Washington, D.C., 30 September 2014 (PAHO/WHO) — The countries of the Americas have stepped up efforts to reduce the impact of noncommunicable diseases such as cancer, diabetes, and cardiovascular disease. These efforts have not been enough, however, to slow the epidemic. What is needed is for all sectors—not just health—to participate in solving the problem, said the Director of the Pan American Health Organization (PAHO), Dr. Carissa F. Etienne.

She spoke at a special event today on noncommunicable diseases at the Organization of American States (OAS), which was attended by ministers of health from the Americas who are in Washington, D.C., this week for the 53rd PAHO Directing Council.

Etienne proposed the creation of an inter-American working group on noncommunicable diseases that would include PAHO and the OAS as well as the Inter-American Development Bank (IDB), the Inter-American Institute for Cooperation on Agriculture (IICA), and the United Nations Economic Commission on Latin America and the Caribbean (ECLAC).

"The health system cannot address the problem of noncommunicable diseases alone," said Etienne, adding that organizations can collaborate in promoting and accelerating actions needed in all sectors to achieve a 25% reduction in premature mortality from noncommunicable diseases by 2025, a target PAHO member countries have agreed upon.

Etienne noted that prevention is central to reducing the impact of noncommunicable diseases, along with physical and social environments that make the healthy choice the easy choice. She urged more public policies and initiatives that promote healthy lifestyles, such as "Sunday bikeways," which close streets to traffic on weekends for walking, biking and other recreational activities. She also urged policies aimed at reducing tobacco consumption, harmful use of tobacco, and the consumption of processed foods and sweetened beverages, especially among children.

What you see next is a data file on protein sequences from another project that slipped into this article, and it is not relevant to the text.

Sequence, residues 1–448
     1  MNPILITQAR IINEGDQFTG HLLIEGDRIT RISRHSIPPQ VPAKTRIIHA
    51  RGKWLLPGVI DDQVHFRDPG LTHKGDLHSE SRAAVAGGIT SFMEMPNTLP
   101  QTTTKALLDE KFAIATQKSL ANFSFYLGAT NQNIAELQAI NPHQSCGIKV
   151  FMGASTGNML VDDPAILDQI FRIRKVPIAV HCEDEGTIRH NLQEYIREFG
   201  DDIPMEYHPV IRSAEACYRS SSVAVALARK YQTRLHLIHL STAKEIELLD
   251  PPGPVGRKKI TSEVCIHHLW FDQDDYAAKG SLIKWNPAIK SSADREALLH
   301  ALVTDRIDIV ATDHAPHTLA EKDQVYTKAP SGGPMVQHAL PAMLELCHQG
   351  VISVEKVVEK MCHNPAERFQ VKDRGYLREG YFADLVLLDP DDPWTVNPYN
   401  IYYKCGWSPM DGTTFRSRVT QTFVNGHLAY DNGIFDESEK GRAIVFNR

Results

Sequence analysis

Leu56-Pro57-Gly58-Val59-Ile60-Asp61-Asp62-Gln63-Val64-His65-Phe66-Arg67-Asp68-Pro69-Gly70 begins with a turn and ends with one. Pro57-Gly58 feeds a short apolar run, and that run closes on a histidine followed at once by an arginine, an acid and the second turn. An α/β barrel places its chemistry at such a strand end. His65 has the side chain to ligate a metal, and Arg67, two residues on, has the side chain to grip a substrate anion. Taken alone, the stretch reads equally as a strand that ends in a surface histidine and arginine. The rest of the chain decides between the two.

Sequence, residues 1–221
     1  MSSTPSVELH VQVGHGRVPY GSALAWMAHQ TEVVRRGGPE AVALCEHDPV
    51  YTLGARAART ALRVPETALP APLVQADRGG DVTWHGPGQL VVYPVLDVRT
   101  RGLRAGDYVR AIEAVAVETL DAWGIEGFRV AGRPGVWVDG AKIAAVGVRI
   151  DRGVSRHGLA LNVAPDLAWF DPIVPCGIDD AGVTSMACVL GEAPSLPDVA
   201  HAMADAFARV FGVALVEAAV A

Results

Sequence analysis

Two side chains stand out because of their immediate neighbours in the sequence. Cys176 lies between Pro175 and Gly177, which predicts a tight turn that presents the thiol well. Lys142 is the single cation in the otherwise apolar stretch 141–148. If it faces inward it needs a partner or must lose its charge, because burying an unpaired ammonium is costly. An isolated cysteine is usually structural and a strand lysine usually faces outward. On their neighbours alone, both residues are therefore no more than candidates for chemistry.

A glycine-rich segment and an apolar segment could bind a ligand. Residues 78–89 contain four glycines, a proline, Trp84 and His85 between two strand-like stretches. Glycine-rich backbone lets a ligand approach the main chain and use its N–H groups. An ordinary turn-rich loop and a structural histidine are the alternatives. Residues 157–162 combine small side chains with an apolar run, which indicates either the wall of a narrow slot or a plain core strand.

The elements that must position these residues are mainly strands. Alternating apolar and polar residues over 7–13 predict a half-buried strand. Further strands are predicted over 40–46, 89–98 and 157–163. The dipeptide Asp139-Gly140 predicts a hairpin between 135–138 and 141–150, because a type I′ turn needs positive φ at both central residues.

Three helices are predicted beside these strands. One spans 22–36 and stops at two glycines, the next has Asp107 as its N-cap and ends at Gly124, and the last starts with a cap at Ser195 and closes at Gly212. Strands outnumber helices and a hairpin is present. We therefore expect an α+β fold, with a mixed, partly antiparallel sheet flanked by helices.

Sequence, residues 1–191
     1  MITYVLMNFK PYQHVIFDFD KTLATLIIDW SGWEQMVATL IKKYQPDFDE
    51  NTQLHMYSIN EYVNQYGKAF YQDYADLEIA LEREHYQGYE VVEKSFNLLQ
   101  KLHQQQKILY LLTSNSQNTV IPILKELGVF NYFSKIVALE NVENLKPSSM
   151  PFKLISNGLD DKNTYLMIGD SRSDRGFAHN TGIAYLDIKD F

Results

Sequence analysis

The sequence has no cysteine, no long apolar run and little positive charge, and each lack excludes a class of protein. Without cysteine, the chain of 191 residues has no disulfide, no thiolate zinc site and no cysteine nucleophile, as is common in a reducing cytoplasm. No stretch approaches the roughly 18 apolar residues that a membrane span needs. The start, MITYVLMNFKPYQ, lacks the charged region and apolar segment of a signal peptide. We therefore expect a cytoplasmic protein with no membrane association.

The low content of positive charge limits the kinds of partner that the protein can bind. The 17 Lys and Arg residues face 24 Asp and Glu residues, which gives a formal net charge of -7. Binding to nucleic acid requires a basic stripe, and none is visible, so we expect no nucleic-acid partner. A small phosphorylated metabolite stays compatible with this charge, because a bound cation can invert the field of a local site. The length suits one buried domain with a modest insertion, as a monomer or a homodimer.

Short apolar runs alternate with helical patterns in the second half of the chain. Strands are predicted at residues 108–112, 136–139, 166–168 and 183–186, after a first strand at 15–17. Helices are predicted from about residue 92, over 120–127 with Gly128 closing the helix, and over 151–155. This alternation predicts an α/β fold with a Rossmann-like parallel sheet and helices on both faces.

Etienne noted that the countries of the Americas have been global leaders on noncommunicable diseases, from promoting discussion of these issues at the United Nations in 2011 to advancing in the formulation and implementation of policies to slow the epidemic.

Much remains to be done, however. "The greatest impact of these diseases is felt by the poorest and most vulnerable in our societies," said Etienne, adding that progressing toward universal health coverage is also fundamental to addressing noncommunicable diseases.

She said PAHO is collaborating with its member countries to fight noncommunicable diseases by strengthening monitoring and surveillance systems, promoting effective policies and regulations to reduce risk factors, and ensuring effective care for patients suffering from these diseases, among other actions.